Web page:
Call for executive pay action as salaries rise up to 238% in six years

Ictu report urges greater transparency in how pay packages are determined in Ireland

The Ictu report calls for major reforms regarding how executive pay is determined and structured.

The Ictu report calls for major reforms regarding how executive pay is determined and structured.

 

Executive pay in some Irish private companies rose by as much as 238 per cent between 2009 and 2015, a period in which average hourly earnings increased by just 2 per cent on a weekly basis, a new study has found.

The report from the Irish Congress of Trade Unions (Ictu) calls for major reforms regarding how executive pay is determined and structured. Among its recommendations are greater transparency in how pay packages are determined, action on bonuses, a higher tax rate on incomes of more than €1 million, and a limit, to 13, on the number of directorships individuals can hold.

The study is based on an examination of 21 private companies, the majority of which are listed on the Iseq index.

Ictu’s report says increased transparency should be encouraged by forcing private companies to set broad parameters under which pay would be set.

Pay data

It adds that consideration should be given to extending the mandate of the Low Pay Commission to monitor the relationship between highest and lowest pay. It also wants to see all companies receiving public contracts for services to be required to publish a report outlining pay and bonuses data, as is required under the UK corporate governance code.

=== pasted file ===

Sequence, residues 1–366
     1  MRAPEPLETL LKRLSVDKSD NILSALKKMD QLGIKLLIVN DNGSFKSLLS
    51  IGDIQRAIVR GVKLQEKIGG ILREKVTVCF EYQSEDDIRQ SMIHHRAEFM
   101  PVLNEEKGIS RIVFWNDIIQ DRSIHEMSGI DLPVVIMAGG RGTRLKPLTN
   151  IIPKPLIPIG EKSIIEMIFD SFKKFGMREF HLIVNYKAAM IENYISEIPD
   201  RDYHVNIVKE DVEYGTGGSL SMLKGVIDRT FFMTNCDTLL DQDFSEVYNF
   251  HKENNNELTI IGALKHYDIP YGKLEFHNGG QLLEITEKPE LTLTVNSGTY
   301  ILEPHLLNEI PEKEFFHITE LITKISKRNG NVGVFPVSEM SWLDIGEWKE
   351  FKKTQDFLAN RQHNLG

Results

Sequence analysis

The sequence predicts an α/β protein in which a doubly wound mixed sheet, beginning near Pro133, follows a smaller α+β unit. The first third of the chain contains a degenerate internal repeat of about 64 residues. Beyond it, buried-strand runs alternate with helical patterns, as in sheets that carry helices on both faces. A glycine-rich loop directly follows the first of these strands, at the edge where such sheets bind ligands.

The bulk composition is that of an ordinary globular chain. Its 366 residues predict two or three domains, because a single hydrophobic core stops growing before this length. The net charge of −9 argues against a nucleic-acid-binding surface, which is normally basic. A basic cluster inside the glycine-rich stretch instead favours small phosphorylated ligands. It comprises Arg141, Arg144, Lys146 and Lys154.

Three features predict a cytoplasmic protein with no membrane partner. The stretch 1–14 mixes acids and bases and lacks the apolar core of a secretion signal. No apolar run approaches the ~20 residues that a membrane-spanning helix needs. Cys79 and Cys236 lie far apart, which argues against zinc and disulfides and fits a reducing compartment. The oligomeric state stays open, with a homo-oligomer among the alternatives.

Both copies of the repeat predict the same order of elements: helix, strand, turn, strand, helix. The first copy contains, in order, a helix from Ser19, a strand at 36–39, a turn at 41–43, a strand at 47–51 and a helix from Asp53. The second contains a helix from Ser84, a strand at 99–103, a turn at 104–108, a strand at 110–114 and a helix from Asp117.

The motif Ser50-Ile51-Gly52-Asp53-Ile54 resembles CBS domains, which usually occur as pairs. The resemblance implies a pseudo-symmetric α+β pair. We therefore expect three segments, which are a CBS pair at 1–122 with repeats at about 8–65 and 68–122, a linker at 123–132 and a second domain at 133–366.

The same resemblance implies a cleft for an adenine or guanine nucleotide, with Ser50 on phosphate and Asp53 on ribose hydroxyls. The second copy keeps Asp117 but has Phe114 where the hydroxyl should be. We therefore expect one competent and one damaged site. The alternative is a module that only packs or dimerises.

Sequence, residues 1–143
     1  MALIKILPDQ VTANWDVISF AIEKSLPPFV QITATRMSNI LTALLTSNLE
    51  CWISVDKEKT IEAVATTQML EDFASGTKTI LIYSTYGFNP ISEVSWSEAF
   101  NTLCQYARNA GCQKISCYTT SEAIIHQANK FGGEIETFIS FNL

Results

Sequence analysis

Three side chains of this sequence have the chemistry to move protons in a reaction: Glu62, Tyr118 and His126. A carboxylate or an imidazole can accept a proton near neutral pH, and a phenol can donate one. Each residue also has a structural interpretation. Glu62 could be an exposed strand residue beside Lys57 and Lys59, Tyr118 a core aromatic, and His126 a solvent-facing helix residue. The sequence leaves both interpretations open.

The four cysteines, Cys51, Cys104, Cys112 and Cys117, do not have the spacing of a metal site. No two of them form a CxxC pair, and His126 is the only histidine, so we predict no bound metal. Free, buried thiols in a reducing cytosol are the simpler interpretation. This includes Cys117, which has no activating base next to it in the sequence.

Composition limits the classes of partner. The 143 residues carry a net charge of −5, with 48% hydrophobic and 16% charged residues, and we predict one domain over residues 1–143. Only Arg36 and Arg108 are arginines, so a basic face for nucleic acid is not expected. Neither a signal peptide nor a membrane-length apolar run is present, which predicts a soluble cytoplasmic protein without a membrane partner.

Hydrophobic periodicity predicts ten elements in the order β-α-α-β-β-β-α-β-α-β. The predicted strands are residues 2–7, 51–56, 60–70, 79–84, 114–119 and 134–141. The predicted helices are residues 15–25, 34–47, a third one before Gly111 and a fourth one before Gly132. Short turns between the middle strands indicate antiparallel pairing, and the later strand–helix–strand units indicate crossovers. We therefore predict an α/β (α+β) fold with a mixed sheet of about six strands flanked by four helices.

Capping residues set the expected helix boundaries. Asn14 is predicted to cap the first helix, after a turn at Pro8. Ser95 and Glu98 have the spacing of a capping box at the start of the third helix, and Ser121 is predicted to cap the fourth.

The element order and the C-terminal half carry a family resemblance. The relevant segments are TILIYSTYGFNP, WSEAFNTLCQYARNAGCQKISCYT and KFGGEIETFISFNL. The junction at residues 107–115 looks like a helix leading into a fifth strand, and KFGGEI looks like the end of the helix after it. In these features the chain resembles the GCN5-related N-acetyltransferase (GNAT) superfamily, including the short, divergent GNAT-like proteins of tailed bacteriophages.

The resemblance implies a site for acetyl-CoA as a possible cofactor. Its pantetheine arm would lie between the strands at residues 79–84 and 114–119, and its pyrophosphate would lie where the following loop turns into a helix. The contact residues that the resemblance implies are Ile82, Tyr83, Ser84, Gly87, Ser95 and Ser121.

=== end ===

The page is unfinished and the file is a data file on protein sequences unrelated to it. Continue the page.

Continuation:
The study recommends ensuring that shareholder resolutions on executive pay are binding, rather than advisory. It also urges the appointment of more outsiders as non-executive directors to boards to promote greater gender balance and a bigger role for groupings such as worker representatives and pension funds.

According to Dr Peter Rigney, one of the report’s authors, an examination of how executive pay and bonuses are set in Ireland and their relationship to the wider economy is long overdue.

“Unlike most other EU countries where executive pay is a matter of public scrutiny and comment, we seem to pay very little attention to the issue here. There is little doubt that this is partially driven by a real lack of transparency on executive pay in this economy,” he said.

“We believe companies should be required to take into account issues such as financial performance, employee welfare, the environment and consumer satisfaction when deciding on top pay,” Dr Rigney added.